“Aldermere Farm and Erickson Fields were originally established as working farms, not as public preserves,” said Kate Stookey, president and CEO of Maine Coast Heritage Trust. “Yet for generations, they have done a remarkable job of welcoming thousands of annual visitors while fostering powerful connections between the food we eat and the land that sustains us.

    “All of us at MCHT are excited to launch a campaign in support of these iconic preserves so they can do an even better job of serving our community and deepening a broad appreciation for sustainable agriculture and land conservation.”

    Camden architect Joseph Russillo designed the 9,175-square-foot (62-foot by 153-foot) open-air barn, which incorporates a 840-square-foot visitor center at Aldermere Farm. Other improvements include:

    A new 792-square-foot bull barn at Aldermere Farm to house breeding bulls;

    A new 880-square-foot pasture shelter at Aldermere Farm to keep cattle safe and prevent over-grazing;

    A permanent 660-square-foot storage barn at Erickson Fields to store tools and equipment, replacing a temporary tarp building;

    Trail upgrades at both preserves to allow a wider variety of experiences for visitors of all abilities;

    New signage at both preserves to educate visitors about sustainable cattle farm operations, regenerative farming and land conservation on Maine’s coast;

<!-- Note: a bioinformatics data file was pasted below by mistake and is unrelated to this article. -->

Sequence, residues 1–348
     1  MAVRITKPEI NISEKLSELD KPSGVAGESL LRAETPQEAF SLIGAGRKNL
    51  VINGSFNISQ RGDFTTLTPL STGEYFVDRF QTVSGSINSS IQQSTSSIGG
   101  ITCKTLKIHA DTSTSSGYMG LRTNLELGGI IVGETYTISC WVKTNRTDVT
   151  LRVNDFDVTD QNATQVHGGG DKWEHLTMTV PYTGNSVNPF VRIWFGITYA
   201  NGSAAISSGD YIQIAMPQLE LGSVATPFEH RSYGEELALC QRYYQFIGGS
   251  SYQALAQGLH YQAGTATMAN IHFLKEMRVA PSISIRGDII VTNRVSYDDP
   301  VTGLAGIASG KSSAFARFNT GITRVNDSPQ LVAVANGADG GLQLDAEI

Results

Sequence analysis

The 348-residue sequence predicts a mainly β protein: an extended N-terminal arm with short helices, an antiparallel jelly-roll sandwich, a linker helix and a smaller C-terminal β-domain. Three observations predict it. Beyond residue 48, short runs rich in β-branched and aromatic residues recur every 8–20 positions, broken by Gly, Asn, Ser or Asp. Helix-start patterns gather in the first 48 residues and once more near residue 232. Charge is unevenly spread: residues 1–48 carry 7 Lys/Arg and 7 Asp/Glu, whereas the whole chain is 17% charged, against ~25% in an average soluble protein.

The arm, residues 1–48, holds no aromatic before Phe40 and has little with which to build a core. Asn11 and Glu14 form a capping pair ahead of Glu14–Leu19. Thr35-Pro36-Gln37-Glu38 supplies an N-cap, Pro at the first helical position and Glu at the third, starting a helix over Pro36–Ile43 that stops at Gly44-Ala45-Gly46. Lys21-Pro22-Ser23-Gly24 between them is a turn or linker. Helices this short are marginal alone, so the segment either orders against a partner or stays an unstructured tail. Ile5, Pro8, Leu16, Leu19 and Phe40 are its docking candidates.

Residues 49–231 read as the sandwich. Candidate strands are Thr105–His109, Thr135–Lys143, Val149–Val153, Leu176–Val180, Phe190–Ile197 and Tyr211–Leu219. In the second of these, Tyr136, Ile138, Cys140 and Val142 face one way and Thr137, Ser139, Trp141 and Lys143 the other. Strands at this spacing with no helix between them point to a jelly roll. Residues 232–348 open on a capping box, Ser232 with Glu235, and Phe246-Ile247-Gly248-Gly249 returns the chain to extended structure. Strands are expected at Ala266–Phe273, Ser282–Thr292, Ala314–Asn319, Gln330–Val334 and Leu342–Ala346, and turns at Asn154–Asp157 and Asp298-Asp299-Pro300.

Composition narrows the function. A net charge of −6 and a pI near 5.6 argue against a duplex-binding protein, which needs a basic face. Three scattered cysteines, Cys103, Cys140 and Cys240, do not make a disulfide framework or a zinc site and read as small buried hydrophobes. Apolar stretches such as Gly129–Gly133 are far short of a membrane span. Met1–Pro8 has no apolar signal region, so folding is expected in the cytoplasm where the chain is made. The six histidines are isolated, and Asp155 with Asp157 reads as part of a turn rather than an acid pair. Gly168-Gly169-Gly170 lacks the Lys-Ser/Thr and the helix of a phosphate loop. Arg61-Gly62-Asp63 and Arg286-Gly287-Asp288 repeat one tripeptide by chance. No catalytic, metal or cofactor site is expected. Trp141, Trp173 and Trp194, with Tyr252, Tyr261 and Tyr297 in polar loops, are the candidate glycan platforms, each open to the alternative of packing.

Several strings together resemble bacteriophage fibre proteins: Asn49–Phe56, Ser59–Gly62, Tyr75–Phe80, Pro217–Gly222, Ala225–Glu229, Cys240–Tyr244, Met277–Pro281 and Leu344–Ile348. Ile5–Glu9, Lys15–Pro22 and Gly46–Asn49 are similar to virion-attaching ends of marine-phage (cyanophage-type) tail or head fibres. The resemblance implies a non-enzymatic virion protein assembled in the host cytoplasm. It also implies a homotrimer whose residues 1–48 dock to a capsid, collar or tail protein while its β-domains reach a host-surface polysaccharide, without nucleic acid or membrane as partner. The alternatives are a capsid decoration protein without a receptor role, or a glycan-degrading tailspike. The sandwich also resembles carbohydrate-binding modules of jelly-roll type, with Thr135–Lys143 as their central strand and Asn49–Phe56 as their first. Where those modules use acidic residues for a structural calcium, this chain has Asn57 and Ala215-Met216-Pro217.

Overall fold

Essential new equipment, including a solar array, tractor, truck, and transport van; and

    An increased endowment for both preserves to protect essential infrastructure and ensure long-term sustainability.

    “Aldermere Farm and Erickson Fields are powerful examples of Maine Coast Heritage Trust’s mission to create more public access to coastal lands while supporting community engagement and protecting the natural and historical integrity of the coast,” said MCHT Planned Giving Officer David Warren. “Through these preserves, MCHT works to connect thousands of people to the land, feed the local community, inspire youth, support fellow farmers, and demonstrate sustainable farming practices.”